If you or your staff are responsible for any aspect of the investigative process, you do not want to miss our latest PREA Specialized Investigations Training, February 26, 2021. You’ll gain a better understanding of PREA standards as they relate to investigations, learn how to conduct investigations unique to confinement settings, and understand sexual abuse evidence collection. Training will be presented in two, 2.5 hour sessions. Class size is limited, so please register today at https://cvent.me/WYB2wa.
Don’t miss the PREA Specialized Investigations Training being offered by The Moss Group, this January. You’ll gain a better understanding of PREA standards as they relate to investigations, learn how to conduct investigations unique to confinement settings, and understand sexual abuse evidence collection. Training will be presented in two, 2.5 hour sessions. Class size is limited, so please register early.
Understand PREA standards relevant to investigators
Learn how to conduct investigations unique to confinement settings
Learn techniques for interviewing victims of sexual abuse
Understand the proper use of Miranda and Garrity warnings
Understand sexual abuse evidence collection
Gain confidence in substantiating a sexual abuse case
To improve the career guidance given to front line prison officers, the European Union funded and launched the Corrections Careers project, of which the International Corrections and Prison Association is a partner. The project is taking place with prisons in six European member states.
The survey asks prison officers, their managers, their families, and decision makers what could be implemented to better support their careers in prison. The first activity in this project is a questionnaire to be followed with a stakeholder workshop in November to take a deeper look at the opportunities and the challenges. To learn more, go to https://icpa.org/.
A Scottish Prison Service (SPS) initiative is allowing all prisoners in Scotland to keep in touch with friends and family via video visits during the Covid-19 crisis. During the lockdown, all social visits to prisons in the United Kingdom have been suspended to protect the residents in care and the community from the Covid-19 threat. SPS management said they initiated the service because they understand how important it is for prisoners’ mental health and rehabilitation to stay connected with their family.
SPS partnered with Unilink to provide the service ensuring that prisoners can stay connected to their loved ones, free of charge during these challenging times and after the ease of the lockdown as a safer alternative to the face-to-face visits, especially for families unable to travel to sites.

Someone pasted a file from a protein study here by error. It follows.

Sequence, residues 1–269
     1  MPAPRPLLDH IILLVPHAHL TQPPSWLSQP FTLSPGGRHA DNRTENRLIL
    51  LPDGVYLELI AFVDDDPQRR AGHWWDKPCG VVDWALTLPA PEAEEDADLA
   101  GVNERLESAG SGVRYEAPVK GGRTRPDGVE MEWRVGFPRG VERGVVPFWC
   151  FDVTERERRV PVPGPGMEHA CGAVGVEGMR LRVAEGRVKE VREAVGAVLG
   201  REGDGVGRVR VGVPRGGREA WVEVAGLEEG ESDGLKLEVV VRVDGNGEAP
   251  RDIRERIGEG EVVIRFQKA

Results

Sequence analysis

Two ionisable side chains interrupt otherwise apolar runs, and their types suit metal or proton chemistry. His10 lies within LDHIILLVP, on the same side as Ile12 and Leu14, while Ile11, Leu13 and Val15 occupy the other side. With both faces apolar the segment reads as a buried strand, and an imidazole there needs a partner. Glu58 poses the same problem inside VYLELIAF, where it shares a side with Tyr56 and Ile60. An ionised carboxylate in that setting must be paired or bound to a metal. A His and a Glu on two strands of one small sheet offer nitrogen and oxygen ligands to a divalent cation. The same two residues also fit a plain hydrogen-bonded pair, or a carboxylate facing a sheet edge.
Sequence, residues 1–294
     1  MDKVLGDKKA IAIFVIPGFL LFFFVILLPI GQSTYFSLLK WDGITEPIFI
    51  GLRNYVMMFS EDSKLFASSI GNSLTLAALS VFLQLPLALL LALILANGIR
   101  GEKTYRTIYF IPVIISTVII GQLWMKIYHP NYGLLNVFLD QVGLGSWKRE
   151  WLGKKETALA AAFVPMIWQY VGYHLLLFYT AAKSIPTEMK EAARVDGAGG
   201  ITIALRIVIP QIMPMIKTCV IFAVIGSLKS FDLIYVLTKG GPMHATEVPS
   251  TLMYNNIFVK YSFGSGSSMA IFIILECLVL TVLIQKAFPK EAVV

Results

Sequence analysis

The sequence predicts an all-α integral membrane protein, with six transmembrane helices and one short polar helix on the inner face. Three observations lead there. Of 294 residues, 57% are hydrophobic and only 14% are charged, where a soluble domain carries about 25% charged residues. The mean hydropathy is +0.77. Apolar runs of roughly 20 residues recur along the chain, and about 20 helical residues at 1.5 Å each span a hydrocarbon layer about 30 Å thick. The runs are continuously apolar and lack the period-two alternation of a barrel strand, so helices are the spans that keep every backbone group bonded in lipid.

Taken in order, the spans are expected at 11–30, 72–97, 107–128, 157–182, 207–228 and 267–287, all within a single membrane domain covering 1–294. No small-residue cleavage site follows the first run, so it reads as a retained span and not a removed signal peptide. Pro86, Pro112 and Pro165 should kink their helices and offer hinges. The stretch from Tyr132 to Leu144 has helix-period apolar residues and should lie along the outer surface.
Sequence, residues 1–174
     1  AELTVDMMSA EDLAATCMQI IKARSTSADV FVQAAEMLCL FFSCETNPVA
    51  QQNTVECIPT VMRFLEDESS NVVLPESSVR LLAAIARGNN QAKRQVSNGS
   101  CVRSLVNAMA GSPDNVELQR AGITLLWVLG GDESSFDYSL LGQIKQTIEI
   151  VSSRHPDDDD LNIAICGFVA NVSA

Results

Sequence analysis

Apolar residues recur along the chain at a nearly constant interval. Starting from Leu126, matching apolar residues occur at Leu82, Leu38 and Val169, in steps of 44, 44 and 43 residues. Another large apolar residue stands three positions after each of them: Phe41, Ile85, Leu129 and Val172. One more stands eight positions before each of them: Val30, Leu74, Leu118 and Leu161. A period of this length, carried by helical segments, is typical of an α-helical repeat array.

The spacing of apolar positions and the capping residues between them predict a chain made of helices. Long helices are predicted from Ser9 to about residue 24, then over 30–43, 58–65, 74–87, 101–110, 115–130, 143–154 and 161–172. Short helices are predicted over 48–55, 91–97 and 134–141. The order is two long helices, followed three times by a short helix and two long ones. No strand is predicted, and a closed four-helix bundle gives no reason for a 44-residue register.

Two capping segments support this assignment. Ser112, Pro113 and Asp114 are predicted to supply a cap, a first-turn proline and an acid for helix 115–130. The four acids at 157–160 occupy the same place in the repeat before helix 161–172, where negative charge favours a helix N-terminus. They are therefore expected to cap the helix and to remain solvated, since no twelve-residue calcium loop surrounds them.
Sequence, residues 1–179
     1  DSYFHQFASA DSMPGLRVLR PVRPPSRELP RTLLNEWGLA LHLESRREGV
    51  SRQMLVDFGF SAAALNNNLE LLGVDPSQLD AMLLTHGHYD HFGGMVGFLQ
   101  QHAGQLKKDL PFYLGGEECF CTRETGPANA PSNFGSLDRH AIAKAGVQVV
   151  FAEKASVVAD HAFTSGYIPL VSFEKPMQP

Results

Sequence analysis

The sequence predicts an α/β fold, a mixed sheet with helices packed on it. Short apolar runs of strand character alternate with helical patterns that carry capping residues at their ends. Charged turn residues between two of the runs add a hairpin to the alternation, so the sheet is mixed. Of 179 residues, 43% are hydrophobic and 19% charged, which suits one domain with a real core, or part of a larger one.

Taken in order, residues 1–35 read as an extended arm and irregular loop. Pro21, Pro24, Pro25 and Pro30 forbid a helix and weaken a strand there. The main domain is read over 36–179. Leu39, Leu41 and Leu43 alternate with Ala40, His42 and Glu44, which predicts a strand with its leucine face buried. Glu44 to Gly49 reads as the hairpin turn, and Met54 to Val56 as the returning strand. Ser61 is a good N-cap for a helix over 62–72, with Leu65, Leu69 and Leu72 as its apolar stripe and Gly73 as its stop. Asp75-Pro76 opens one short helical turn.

The service is available for family visits and one-to-one meetings. Slots are available daily from 10am and 30-minute sessions are allowed. The Video Visits can be booked via www.emailaprisoner.com. Since the introduction of the service, a few weeks ago, over 4000 successful Video Visits were carried out.
The Office of Juvenile Justice and Delinquency Prevention is offering the first in a series of three webinars entitled, The Effects of Trauma on Children, Youth and Families at the end of September. The webinar, slated for September 29, 2020, 2:00 pm – 3:30 pm Eastern, will focus on the effects of trauma on children and a trauma-informed approach to caring for children and families that have experienced trauma. To register and learn more, go here: https://ojjdp.ojp.gov/events/effects-trauma-children-youth-and-families
In addition, the American Jail Association is providing a free virtual training entitled, Behavioral Management Unit: Policies, Procedures, and Pitfalls, on September 30, 2020 from 2:00 – 3:00 PM (EDT). Instructor Lieutenant Tyrone J. Shaw Jr., will examine how the Sheriff Al Cannon Detention Center Behavioral Management Unit has enhanced the effectiveness of facilities using the direct-supervision model. To learn more and register, go here: https://www.americanjail.org/ev_calendar_day.asp?eventid=124
The Department of Justice’s Office of Community Oriented Policing Services (COPS Office) recently announced $4.5 million in grants for the Law Enforcement Mental Health and Wellness Act Program. These program funds are used to improve the delivery of and access to mental health and wellness services for law enforcement through training and technical assistance, demonstration projects, implementation of promising practices related to peer mentoring mental health and wellness, and suicide prevention programs.
As part of the Law Enforcement Mental Health and Wellness Act of 2017, Congress authorized the COPS Office to establish peer mentoring mental health and wellness pilot programs within state, tribal, and local law enforcement agencies. The 41 awards meet the goals of the 2017 Act and support the Department of Justice and the Administration’s commitment to law enforcement, said the COPS Office.
In addition to the grants announced, the COPS Office recently published two reports regarding officer mental health and wellness. Those reports include the following:
Law Enforcement Mental Health and Wellness Act Report to Congress
Law Enforcement Mental Health and Wellness Programs: Eleven Case Studies
The Corrections Statistical Analysis Tool (CSAT) is a comprehensive analysis tool providing national prisoner statistics on inmates under the jurisdiction of both federal and state correctional authorities.